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Home / World News / Texas woman gang leader Chaka Castro sentenced for robbing Indian-American homes

Texas woman gang leader Chaka Castro sentenced for robbing Indian-American homes

Chaka Castro, 44, was sentenced on Monday by US District Court Judge Laurie Michelson of the Eastern District of Michigan, who presided over the trial.

world Updated: Oct 29, 2019, 19:38 IST
Press Trust of India
Press Trust of India
New York
According to evidence presented at trial, from 2011 to 2014, Castro and her robbery crews committed a string of home invasions in Georgia, New York, Ohio, Michigan and Texas.
According to evidence presented at trial, from 2011 to 2014, Castro and her robbery crews committed a string of home invasions in Georgia, New York, Ohio, Michigan and Texas.(File image)

A Texas woman has been sentenced to 37 years in prison for leading a gang that carried out targeted robberies of Indian-American homes across the US.

Chaka Castro, 44, was sentenced on Monday by US District Court Judge Laurie Michelson of the Eastern District of Michigan, who presided over the trial.

After a five-week trial, Castro was convicted of one count of Racketeer Influenced and Corrupt Organisations (RICO) conspiracy, four counts of assault with a dangerous weapon in aid of racketeering and four counts of use of a firearm during and in relation to a crime of violence.

According to evidence presented at trial, from 2011 to 2014, Castro and her robbery crews committed a string of home invasions in Georgia, New York, Ohio, Michigan and Texas.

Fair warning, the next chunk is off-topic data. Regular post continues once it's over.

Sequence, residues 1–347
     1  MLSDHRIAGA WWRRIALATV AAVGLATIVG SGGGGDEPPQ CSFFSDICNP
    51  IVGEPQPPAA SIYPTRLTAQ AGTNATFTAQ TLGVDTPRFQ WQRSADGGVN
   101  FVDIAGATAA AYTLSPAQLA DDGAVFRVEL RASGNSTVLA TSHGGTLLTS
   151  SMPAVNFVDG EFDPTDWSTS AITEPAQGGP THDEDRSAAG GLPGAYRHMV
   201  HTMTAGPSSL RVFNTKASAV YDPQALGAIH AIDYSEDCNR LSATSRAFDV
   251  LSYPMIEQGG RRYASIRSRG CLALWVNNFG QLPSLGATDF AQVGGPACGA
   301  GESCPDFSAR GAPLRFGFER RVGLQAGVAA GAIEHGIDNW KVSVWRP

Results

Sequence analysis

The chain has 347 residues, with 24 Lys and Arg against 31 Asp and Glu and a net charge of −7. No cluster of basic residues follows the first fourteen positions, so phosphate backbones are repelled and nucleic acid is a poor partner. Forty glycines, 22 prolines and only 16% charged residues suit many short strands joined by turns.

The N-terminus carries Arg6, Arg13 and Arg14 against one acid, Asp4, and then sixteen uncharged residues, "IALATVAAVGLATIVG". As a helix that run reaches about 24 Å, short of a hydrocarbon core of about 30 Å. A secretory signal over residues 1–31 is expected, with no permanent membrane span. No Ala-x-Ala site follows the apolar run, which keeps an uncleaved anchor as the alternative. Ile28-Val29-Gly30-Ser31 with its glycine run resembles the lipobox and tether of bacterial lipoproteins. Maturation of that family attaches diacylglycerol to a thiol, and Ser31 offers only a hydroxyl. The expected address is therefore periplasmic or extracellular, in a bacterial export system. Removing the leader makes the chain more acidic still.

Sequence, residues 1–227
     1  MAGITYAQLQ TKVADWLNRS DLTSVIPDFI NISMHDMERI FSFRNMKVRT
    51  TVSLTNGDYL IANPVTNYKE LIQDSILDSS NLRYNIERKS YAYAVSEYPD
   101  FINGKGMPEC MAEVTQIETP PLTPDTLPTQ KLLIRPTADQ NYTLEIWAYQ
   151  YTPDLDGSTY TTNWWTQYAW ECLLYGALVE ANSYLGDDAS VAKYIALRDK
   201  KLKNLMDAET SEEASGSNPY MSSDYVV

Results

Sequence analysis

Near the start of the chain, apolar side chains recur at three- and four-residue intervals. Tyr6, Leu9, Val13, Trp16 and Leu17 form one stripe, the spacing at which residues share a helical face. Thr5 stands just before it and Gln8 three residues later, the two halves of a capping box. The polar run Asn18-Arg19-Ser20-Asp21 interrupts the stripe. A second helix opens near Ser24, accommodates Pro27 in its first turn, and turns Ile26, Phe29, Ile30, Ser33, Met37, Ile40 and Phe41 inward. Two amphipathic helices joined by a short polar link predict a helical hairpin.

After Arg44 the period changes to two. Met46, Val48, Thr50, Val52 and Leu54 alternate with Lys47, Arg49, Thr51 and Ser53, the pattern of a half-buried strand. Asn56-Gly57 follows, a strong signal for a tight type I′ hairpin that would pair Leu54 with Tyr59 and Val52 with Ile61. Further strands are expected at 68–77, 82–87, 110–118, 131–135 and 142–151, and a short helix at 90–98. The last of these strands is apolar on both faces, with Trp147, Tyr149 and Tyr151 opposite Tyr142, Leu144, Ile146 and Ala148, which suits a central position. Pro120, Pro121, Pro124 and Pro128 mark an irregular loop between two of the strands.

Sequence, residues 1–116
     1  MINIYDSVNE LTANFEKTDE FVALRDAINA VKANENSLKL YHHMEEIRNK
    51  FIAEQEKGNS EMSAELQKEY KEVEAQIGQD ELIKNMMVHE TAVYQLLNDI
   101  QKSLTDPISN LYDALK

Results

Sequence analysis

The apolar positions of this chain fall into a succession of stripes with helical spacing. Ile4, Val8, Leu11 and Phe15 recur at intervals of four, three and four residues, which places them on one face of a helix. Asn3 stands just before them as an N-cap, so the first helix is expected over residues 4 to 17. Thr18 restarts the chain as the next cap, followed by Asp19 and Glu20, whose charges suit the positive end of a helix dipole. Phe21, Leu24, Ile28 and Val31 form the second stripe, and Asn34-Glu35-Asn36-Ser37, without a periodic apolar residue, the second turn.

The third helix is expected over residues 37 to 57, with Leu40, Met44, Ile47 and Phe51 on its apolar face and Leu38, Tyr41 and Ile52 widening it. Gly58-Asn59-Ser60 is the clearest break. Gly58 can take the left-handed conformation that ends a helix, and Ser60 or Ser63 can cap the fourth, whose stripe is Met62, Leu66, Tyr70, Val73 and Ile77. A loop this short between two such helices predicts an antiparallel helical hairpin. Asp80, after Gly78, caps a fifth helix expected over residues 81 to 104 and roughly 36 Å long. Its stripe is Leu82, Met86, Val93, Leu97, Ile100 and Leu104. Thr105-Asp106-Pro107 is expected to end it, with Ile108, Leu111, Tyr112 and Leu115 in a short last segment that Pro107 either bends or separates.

The leader of the gang was Castro, who would generate lists of robbery targets in various states around the country, specifically families of Asian and Indian ancestry, and then assign her accomplices to carry out the armed robberies of these families within their homes.

Once Castro assigned a crew to a particular area, members of the group would travel to that location, conduct surveillance and execute the robberies. Utilising a particular modus operandi in each of the robberies, the crews disguised their appearance with clothing and bandanas so that victims of their robberies would have difficulty identifying them. They would openly carry and brandish firearms to gain control of the victims and then immediately corral the victims, including children, into one location in the home. At least one robber would then restrain the victims with duct tape and threats of violence, as another partner would ransack the home in search of cash, jewellery and electronics to steal. The group organised their trips to involve multiple home invasion robberies over a series of days, prosecutors said.

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